The challenge to media professionals at all levels and in all media is:

• to raise awareness in the media professions about the rights of children and how they can be protected and promoted by good professional practices or harmed through inappropriate policies or actions;

• to work ethically and professionally according to sound media practices and to develop and promote media codes of ethics in order to avoid sensationalism, stereotyping (including by gender) or undervaluing of children and their rights;

• to resist commercial pressures that lead to children's issues and the rights of children to freedom of expression, fair coverage and protection from exploitation, including as consumers, being given low priority;

• to work to enhance the relationship between children and the media so that both grow and improve in understanding of the positive and negative power and potential of the relationship.

The challenge to children and young people is:

• to know and understand their rights as laid down in the Convention on the Rights of the Child, and to find and develop ways to contribute to the fulfilment of these rights, including the rights of access to information and to diverse points of view, and to find ways to promote their own active participation in the media and in media development.

• to learn as much as they can about the media so that they can make informed choices as media consumers and gain maximum benefit from the diversity the media offer;

• to grasp opportunities to participate in production of media output and to provide feedback to media producers, both positive and negative;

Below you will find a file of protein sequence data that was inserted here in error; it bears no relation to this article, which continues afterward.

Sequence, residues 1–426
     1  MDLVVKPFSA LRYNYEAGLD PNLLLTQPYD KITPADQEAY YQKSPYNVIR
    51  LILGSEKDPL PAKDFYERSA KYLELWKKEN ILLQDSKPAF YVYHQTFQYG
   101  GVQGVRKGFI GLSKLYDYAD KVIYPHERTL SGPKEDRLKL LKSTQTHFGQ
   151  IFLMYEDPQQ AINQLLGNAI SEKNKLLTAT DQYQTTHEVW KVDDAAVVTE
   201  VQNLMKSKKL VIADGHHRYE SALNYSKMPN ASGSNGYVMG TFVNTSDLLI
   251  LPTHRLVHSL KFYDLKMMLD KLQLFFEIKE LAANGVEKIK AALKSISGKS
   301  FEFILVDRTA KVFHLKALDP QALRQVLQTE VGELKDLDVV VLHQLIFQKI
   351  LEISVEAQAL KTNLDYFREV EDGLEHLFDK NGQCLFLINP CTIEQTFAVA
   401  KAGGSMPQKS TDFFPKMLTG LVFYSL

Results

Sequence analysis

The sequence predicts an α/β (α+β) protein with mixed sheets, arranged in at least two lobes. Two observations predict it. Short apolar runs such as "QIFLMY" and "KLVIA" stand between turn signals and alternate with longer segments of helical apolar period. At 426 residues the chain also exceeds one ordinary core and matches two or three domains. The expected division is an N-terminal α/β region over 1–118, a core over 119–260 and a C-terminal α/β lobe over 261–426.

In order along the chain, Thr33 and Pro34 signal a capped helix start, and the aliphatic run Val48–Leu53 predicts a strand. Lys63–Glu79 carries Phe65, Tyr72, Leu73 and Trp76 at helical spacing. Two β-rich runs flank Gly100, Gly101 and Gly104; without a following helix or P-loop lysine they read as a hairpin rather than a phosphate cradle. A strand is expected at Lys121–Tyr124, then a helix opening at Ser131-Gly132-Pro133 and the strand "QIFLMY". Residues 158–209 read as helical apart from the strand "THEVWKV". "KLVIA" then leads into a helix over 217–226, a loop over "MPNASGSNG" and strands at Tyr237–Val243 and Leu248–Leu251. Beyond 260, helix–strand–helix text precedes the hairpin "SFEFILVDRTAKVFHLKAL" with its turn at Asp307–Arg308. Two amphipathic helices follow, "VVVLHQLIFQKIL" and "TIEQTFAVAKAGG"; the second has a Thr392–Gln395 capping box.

• to share their opinions about the media with those who can help to support a positive relationship between children and the media: parents, teachers and other adults and young people.

The challenge to the private sector, including media owners is:

• to take into account the rights of children to access, participation, media education and protection from harmful content in the development of new media products and technologies;

• to make the best interests of the child a primary consideration in the pursuit of commercial and financial success, so that today's children become adults in a global society in which all people are protected, respected and free.

The challenge to parents, teachers and researchers is:

• to acknowledge and support the rights of children to have access to media, participate in it and use it as a tool for their advancement;

• to provide a protective and supportive environment in which children can make choices as media consumers that promote their development to their full potential;

• to be as informed as possible about trends and directions in the media and, where possible, to contribute actively to forming such trends and directions through participation in focus groups, feedback mechanisms and by using procedures laid down for comment and complaints on media content.